October 1, 2016 Child Drowns in Municipal Swimming Pool
Last modified on November 6th, 2018
On June 10, 1997, a 5-year-old child drowned at the swimming pool owned and operated by the City of Nitro, West Virginia. The child came into distress and subsequently suffered the physical and neurological trauma associated with a near-drowning as a result of this submersion incident. The child survived for seven days but died on June 17, 1997 as a result of this near-drowning incident.
Prior to the recognition of the child’s distress, there were 4 Lifeguard personnel on duty. Two Lifeguards were stationed in elevated Lifeguard stands, while a third Lifeguard was standing alongside the deep-end Lifeguard stand talking with the seated Lifeguard.
The normal operating procedure for this pool was for two Lifeguards to be assigned and stationed in two of the three elevated Lifeguard stands, while the other two Lifeguards were allowed to rest inside the adjacent locker room building. Other duties required of the non-stationed Lifeguards included walking around the pool and picking up trash, as well as checking and cleaning the locker rooms. When the pool was crowded, one of the two non-stationed Lifeguards would normally be assigned to the third elevated Lifeguard stand. At the time of the incident, the Head Lifeguard intended to assign and station the 3rd Lifeguard but had not yet made that assignment when the incident occurred.
When the child’s distress was realized, he was unconscious and in respiratory and cardiac arrest on the bottom of the 5′ section of the swimming pool. His distress was not recognized by any of the 4 Lifeguards on duty, but rather, by a juvenile swimmer who attempted to rescue the child by bringing him to the surface. After the child was pulled to the side of the pool, the Lifeguards removed him from the water and initiated Basic Life Support CPR procedures until relieved by Fire and Rescue personnel.
One year later, while conducting a site visit at this pool to investigate this incident further, the Lifeguards all seemed very vigilant and diligent in their duties. However, we were only allowed to observe the Lifeguards and the pool for the hour prior to the pool opening to the public. While we were there, however, we did observe many problems associated with the maintenance and upkeep of the pool and the preparedness of the Lifeguard personnel to respond to emergencies. These problems were as follows:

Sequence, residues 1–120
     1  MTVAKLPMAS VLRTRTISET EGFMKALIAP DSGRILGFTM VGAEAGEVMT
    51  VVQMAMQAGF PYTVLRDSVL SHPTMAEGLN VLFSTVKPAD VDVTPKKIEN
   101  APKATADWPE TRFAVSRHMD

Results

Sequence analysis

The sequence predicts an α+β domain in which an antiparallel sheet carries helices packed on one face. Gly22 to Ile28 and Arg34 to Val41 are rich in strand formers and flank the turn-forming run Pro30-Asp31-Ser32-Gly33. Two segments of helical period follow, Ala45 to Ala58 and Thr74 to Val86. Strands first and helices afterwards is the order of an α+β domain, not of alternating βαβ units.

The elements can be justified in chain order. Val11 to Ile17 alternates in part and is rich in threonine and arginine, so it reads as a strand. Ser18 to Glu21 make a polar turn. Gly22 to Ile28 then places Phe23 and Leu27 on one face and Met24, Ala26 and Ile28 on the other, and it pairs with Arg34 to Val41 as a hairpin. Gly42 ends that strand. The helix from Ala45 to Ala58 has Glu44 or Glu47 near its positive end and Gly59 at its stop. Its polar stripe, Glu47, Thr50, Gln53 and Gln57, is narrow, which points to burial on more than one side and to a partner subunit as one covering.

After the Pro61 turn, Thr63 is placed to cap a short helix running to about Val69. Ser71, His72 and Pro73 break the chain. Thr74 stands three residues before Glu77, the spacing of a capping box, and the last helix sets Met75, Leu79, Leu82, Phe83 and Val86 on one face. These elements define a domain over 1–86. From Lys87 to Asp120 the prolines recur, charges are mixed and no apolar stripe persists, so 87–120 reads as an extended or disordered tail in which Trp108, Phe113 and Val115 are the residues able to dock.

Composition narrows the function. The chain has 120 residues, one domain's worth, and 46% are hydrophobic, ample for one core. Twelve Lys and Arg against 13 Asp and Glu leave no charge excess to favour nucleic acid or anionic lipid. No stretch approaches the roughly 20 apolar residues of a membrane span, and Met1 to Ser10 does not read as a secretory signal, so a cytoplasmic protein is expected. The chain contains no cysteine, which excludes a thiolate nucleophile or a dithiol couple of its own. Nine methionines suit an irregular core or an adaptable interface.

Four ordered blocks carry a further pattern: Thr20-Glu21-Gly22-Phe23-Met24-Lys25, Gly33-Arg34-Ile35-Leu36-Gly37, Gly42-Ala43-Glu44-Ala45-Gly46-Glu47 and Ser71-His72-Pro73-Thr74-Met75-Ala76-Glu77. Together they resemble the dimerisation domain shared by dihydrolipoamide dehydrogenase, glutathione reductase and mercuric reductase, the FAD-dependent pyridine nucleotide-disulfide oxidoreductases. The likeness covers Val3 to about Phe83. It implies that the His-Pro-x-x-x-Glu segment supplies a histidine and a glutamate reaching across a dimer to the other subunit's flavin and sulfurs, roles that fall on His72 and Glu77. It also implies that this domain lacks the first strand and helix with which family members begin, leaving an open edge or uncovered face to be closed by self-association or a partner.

- The Lifeguard stands were in a state of disrepair with broken seats, foot-rests, and ladders.
- The bottom of the pool was dirty and in need of vacuuming and brushing.
- The pool bottom had a sloping hopper bottom from the sides to the middle. Because of this configuration, the diving board should have been removed and all head-first entries into the water should have been prohibited.
- The backboard was sub-standard, and the straps and head immobilizer were not ready for use in an emergency.
- There were no suitably posted rules and regulations. The only signage we saw was an 8 1/2″ x 11″ sheet of paper hanging in the lobby with pool rules.
- An exposed suction drain was found on the wall of the 5′ area of the pool which was large enough for a child to have his hand and arm sucked into it up to his armpit.
We returned to the pool area several hours later and were surprised by what we saw. Each section of the pool was open to the public, but not one Lifeguard was observed on any of the three Lifeguard stands. Upon further investigation, we found three Lifeguards in the lobby of the locker room building talking and eating, while one Lifeguard provided surveillance for the entire pool while standing on the deck at a corner of the pool (note: see individual in white T-shirt).
We were extremely surprised to find this type of attitude and operation, especially considering the fact that a drowning of a child had occurred the previous year.